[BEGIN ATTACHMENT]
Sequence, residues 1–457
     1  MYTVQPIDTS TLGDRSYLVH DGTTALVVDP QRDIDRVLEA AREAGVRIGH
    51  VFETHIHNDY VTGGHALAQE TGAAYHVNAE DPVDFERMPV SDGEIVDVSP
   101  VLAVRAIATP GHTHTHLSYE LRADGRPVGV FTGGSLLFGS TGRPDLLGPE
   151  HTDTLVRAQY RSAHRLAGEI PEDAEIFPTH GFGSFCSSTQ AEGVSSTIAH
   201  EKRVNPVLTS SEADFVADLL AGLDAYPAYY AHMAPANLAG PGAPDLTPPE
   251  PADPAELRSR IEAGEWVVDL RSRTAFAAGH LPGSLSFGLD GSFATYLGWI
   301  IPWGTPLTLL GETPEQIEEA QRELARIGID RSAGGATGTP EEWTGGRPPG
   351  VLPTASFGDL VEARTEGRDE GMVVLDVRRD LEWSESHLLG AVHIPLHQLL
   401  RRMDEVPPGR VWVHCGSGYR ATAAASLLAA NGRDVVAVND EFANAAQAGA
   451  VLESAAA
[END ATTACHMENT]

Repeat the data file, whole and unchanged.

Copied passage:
Sequence, residues 1–457
     1  MYTVQPIDTS TLGDRSYLVH DGTTALVVDP QRDIDRVLEA AREAGVRIGH
    51  VFETHIHNDY VTGGHALAQE TGAAYHVNAE DPVDFERMPV SDGEIVDVSP
   101  VLAVRAIATP GHTHTHLSYE LRADGRPVGV FTGGSLLFGS TGRPDLLGPE
   151  HTDTLVRAQY RSAHRLAGEI PEDAEIFPTH GFGSFCSSTQ AEGVSSTIAH
   201  EKRVNPVLTS SEADFVADLL AGLDAYPAYY AHMAPANLAG PGAPDLTPPE
   251  PADPAELRSR IEAGEWVVDL RSRTAFAAGH LPGSLSFGLD GSFATYLGWI
   301  IPWGTPLTLL GETPEQIEEA QRELARIGID RSAGGATGTP EEWTGGRPPG
   351  VLPTASFGDL VEARTEGRDE GMVVLDVRRD LEWSESHLLG AVHIPLHQLL
   401  RRMDEVPPGR VWVHCGSGYR ATAAASLLAA NGRDVVAVND EFANAAQAGA
   451  VLESAAA